Smart Financial Planning Tips for Young Adults

Guest post from Chris Haymon of Adulting Digest.

Millennials are fairly well-established in the workforce, and now Generation Z, those born in the late 1990s and early 2000s, are now entering the workforce. Unfortunately, the BBC reports that many of today’s young adults are working more (and earning less) than previous generations did in their 20s. That’s why it’s important that young adults do smart financial planning now.

Financial planning might not be the most appealing topic for young adults. After all, it takes long-term, consistent work to become financially independent. Sadly, many schools still don’t teach personal finance classes, and research shows young adults still have a lot to learn.

Millennials, for instance, aren’t as savvy about money as they might believe, a recent study shows. Less than half of the respondents could answer a fundamental investment question, despite feeling confident about their financial knowledge.

It doesn’t have to be all doom and gloom, though. If you’re a young adult, here’s how to plan for your future and protect what you earn.

Estate Planning

Although death is a morbid thought, it’s crucial to consider what will happen to your estate if you unexpectedly die. As uncomfortable as it is to consider your death, it’s necessary to help your loved ones better cope with the loss.

Estate planning isn’t just for the elderly or for those with a lot of assets. We can die at any age. By planning ahead, you’ll have peace of mind and know what will become of your belongings, home, and money in a worst-case scenario.

Consider having the following:

  • Life Insurance
    When it comes to buying life insurance, many young adults aren’t sure what plan to purchase. How much money and how many years will you need? A 20-year term life insurance policy is an excellent fit for most young adults, particularly those who have young children or have 20 years left on their mortgage. It provides the maximum years of coverage at a lower cost. When buying life insurance, choose a reputable, quality company with a strong financial insurance rating.
  • Living Will
    Many young adults shrug off the idea of a living will because they’re unmarried and don’t have kids. However, your situation might change in a few years. Whatever your situation, it’s always a good idea to have a will ready in case you need it. Without one, your estate must go through your state’s probate system, and the court will determine how to distribute your estate. Having a will helps you dictate what happens to your money and possessions if you die and minimizes any costs associated with handling your assets and liabilities.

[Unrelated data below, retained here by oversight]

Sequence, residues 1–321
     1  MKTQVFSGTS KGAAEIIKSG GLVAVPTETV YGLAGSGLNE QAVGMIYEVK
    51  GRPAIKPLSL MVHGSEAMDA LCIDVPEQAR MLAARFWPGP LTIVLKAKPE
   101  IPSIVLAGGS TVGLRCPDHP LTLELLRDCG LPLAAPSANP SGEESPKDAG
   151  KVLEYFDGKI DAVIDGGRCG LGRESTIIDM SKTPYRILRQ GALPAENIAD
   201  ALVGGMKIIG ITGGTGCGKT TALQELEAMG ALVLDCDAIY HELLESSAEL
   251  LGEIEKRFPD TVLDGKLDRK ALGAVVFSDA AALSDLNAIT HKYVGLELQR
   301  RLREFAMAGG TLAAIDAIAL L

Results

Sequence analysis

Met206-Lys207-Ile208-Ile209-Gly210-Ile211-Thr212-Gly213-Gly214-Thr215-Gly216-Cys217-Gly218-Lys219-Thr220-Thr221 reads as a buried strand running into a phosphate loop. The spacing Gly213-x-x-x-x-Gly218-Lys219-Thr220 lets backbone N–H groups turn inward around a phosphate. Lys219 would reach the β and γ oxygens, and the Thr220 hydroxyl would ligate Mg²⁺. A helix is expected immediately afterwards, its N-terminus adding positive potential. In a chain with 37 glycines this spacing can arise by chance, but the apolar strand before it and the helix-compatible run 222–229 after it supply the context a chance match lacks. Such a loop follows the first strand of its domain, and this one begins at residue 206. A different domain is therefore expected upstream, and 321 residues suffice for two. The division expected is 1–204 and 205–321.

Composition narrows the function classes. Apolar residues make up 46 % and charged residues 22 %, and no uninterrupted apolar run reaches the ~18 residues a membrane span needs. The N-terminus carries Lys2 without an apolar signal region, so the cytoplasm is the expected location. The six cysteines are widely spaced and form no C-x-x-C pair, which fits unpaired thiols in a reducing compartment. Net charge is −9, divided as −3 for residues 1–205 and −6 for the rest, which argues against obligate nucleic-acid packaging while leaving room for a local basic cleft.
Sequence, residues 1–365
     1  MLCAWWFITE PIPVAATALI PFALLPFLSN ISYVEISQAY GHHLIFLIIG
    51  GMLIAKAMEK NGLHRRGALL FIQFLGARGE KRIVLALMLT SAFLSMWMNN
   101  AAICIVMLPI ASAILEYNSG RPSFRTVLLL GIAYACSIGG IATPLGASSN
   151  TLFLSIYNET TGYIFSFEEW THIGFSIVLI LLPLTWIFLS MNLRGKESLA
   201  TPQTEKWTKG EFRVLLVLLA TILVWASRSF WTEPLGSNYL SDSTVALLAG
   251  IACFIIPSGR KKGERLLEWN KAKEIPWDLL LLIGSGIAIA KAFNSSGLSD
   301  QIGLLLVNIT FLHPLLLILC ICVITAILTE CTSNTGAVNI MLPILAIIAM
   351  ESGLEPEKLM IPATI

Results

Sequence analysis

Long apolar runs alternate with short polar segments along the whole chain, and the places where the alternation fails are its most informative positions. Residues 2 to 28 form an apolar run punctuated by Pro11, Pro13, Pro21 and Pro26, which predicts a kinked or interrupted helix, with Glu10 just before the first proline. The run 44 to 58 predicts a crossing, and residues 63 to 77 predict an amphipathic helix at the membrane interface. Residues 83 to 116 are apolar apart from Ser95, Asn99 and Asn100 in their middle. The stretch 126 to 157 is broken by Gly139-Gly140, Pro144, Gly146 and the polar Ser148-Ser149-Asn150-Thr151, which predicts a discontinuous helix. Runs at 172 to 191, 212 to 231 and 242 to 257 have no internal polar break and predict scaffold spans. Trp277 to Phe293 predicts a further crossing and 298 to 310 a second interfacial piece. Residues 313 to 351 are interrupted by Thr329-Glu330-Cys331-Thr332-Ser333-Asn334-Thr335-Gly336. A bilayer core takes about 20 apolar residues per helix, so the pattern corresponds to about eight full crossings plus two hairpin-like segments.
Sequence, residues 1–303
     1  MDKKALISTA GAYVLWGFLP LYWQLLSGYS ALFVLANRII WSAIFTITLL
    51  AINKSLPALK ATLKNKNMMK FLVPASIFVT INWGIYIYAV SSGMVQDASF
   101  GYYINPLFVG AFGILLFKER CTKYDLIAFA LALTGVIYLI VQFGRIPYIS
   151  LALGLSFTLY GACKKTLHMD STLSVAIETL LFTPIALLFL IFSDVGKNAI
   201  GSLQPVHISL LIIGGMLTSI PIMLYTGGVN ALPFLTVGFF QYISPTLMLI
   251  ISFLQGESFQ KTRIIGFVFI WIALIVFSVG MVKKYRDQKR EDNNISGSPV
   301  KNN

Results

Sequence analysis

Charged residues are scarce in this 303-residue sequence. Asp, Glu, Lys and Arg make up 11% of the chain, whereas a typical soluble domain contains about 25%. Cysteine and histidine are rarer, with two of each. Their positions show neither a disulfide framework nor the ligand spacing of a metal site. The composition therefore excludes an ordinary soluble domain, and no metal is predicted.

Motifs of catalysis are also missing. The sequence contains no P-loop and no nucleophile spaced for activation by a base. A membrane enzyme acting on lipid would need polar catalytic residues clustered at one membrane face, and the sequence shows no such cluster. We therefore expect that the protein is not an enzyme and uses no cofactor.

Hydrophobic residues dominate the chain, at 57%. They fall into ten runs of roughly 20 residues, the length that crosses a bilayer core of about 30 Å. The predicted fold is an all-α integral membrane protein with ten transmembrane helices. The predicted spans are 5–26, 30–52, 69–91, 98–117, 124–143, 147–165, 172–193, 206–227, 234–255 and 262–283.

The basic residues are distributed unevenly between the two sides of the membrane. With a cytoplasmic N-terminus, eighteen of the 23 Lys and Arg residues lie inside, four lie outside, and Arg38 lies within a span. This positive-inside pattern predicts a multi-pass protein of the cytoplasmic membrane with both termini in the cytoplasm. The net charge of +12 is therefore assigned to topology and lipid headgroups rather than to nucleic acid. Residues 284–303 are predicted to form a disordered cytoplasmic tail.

Many employers offer life insurance benefits. Some companies, like Home Depot, even provide free legal services to assist with estate planning and living wills. Each benefits package is different. If you’re uncertain or have questions, talk to your employer’s human resources department.

Investing

Whether you plan to work until age 65 or dream of retiring by age 30, you need to invest in the stock market. Even with all its risks, the stock market is one of the best ways to grow your wealth and account for inflation. Best of all, the earlier you start investing, the better.

Many Millennials prefer to invest in sustainable companies. “Even without much money,” Bill Davis, CEO of Stance Capital, notes, the Impact Generation is “forcing corporations to change for the better” through purchases and investments in eco-friendly brands.

A diversified investment strategy will protect you against industry-specific ups and downs. Be sure to spread out your investments into the various categories like small cap, mid-cap, and large cap to ensure your eggs are not all in one basket.

Another investment you can make is purchasing a home. Of course you’ll have to save up for a down payment, but this may not cost as much as you think as many lenders are offering loans that require much lower down payments. Just be aware that the more you put down, the less you’ll pay in interest and mortgage payments, as well as PMI (private mortgage insurance) if you don’t put down a full 20% on a conventional loan.

Although it might be tempting to do everything yourself, you’re probably better off hiring an asset management firm. Financial advisors and financial services firms help young adults manage money. With the right asset management, you’ll build a profitable investment portfolio comprised of companies you fully support.

Fraud and Identity Theft Protection

You’ll also want to protect your credit and identity. In addition to avoiding debt, keep an eye on your credit score and accounts open in your name. With cybercrimes and data breaches on the rise, your personal information has probably already been compromised, possibly without your knowledge.

Monitor your credit score and credit report. Consider placing a free credit freeze to stop unauthorized individuals from opening accounts under your name. Purchase an identity theft protection plan from a reputable company, preferably one that does active monitoring and the whole restoration in the event of a breach. If you suspect your information was stolen, notify your bank, the credit bureaus, and the IRS as soon as you can.

Although budgeting for your future and managing your money isn’t always fun, it’s an essential part of adulthood. It’s never too soon to start building the life you want to live. By getting your finances in order from a young age, you’ll be setting yourself up for a successful future. Financial stability will bring you freedom and peace of mind. By monitoring your credit, investing, and staying insured, you’ll protect your wallet and your well-being.

To read more of Chris Haymon’s material, visit AdultingDigest.com.

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